The statute does not detail how thorough an investigation, if any, a petitioner must undertake before informing the court that it is unable to determine a respondent's military status. Nor does it specify what showing a petitioner must make to the court before the court may award a default judgment under such circumstances. In the absence of any appellate law, lower courts have interpreted the statute to require that the petitioner undertake some form of investigation and to provide the court with sufficient details of its investigation prior to entry of a default judgment (L&F Realty Co v. Kazama, NYLJ, Nov. 26, 1997 at 31. col 1 [Civ Ct, NY County 1997]; Tivoli Assoc. v. Foskey, 144 Misc 2d 723 [Civ Ct, Kings County 1989]). These interpretations are consistent with the express purposes of the Act: if a petitioner need not conduct any investigation, or if it need only conduct a pro forma or cursory investigation, before relying on the "unable to determine'" provision of the Act to obtain a default judgment, then the protection of servicemembers for whom the Act exists could hardly be achieved.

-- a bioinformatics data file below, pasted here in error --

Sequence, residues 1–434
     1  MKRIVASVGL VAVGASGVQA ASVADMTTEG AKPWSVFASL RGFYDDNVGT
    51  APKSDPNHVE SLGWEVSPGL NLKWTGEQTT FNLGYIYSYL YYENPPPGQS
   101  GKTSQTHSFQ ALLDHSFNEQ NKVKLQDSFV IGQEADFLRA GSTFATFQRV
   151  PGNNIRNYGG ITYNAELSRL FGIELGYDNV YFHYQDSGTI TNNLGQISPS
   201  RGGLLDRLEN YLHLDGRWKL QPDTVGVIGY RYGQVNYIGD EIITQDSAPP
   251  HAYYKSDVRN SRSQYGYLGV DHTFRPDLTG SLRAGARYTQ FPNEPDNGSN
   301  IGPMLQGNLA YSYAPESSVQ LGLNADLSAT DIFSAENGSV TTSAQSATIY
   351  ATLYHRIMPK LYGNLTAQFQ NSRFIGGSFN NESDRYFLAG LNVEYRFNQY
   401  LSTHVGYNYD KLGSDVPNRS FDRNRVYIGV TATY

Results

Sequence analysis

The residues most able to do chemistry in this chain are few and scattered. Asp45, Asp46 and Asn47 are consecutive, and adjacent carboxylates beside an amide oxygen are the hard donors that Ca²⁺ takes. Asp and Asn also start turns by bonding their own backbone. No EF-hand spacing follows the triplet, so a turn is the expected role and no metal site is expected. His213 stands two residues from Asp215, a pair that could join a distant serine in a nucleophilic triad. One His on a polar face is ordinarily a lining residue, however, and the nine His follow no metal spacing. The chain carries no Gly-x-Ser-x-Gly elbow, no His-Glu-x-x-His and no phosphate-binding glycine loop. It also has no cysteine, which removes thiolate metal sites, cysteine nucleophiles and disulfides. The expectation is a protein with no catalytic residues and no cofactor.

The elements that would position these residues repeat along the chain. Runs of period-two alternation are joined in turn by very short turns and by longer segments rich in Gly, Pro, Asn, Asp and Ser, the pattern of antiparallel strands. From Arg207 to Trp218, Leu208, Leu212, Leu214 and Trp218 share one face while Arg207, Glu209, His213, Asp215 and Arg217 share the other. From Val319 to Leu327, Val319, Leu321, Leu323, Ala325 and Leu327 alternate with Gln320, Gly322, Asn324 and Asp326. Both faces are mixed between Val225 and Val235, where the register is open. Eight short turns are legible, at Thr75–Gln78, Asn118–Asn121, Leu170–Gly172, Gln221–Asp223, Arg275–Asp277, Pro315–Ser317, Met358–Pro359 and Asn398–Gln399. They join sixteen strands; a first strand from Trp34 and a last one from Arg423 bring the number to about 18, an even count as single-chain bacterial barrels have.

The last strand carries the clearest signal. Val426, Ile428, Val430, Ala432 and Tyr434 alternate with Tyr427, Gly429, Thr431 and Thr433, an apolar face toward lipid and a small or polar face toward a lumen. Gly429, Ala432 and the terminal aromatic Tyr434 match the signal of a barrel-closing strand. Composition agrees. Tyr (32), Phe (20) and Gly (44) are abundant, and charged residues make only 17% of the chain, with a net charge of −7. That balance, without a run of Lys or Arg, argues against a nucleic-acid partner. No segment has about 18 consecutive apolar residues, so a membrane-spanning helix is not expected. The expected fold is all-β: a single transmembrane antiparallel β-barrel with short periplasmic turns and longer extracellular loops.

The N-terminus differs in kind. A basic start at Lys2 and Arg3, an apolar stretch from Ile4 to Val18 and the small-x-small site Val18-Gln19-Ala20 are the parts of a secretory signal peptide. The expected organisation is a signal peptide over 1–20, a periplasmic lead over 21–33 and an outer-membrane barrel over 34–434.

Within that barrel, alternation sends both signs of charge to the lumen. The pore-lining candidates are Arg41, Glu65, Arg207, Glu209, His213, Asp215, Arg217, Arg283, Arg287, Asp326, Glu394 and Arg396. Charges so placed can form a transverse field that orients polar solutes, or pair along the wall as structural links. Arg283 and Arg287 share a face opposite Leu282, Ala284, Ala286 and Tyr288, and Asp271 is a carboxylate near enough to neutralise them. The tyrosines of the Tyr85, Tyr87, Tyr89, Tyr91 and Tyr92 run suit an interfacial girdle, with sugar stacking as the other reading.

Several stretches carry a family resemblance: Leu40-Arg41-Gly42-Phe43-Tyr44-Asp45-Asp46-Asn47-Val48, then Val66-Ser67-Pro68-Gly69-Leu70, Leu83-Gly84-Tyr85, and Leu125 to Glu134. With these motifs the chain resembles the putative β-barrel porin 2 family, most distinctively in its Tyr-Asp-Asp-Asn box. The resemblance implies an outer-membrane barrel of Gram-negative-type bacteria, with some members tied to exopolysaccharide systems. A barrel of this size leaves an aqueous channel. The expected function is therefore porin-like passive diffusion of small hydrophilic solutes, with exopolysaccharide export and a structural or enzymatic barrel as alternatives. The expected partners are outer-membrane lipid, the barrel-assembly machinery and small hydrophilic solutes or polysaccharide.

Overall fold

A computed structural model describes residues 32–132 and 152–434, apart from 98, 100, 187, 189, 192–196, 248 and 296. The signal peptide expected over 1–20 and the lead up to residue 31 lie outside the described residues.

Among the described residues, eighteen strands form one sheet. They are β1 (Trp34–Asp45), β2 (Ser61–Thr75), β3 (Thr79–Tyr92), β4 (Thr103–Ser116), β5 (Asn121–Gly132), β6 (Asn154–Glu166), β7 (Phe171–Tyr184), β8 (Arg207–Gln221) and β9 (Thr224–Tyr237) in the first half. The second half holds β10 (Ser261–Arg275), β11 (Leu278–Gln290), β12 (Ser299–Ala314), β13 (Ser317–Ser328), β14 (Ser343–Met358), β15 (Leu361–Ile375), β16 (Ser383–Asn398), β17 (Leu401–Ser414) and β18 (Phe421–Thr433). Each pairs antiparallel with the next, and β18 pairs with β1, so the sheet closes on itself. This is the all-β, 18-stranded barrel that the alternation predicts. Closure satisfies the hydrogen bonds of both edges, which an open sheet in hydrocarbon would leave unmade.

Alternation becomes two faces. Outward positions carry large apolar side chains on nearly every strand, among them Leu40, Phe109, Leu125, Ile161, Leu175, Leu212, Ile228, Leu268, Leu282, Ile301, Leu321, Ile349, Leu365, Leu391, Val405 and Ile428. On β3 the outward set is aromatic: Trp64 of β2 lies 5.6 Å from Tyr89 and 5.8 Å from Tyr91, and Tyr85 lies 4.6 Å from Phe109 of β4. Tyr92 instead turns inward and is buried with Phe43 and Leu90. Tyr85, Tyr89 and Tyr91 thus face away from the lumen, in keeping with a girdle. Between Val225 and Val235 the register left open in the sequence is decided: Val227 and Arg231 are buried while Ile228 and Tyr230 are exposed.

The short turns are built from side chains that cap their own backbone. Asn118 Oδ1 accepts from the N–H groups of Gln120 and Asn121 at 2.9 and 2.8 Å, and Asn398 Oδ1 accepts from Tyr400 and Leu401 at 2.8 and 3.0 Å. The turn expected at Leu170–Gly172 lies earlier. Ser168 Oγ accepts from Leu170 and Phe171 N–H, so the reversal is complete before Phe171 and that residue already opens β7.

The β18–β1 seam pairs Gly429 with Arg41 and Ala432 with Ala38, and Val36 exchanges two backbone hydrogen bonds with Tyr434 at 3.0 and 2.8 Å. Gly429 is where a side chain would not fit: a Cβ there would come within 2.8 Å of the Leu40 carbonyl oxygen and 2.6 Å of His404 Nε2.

Other courts have held that an investigation similar to the one conducted by the Petitioner is insufficient to entitle a landlord to a default judgment. In L&F Really Co. (NYLJ, Nov. 26, 1997), the court denied the petitioner's motion for an order dispensing with the requirement to submit an affidavit setting forth the military status of the respondent where the petitioner submitted an affidavit from its managing agent in which the managing agent averred that it had visited the respondent's apartment on five separate occasions in its unsuccessful attempt to personally inquire as to his military status. The affidavit further stated that neither the managing agent nor the building superintendent had ever seen the respondent in a military uniform and that they "[had] no reason to believe" that respondent was in military service. In Tivoli (144 Misc 2d at 726), the court denied petitioner's motion where the only "investigation" undertaken was two unsuccessful attempts to visit the respondent at his home. In Benahi Realty Mgt. Co. v. Van Doorne (190 Misc 2d 37 [Civ Ct, NY County 2001]) the court held that an investigation comprising "several" alleged unsuccessful attempts to interview the respondent at his apartment was insufficient to serve as basis on which to dispense with nonmilitary affidavit requirement.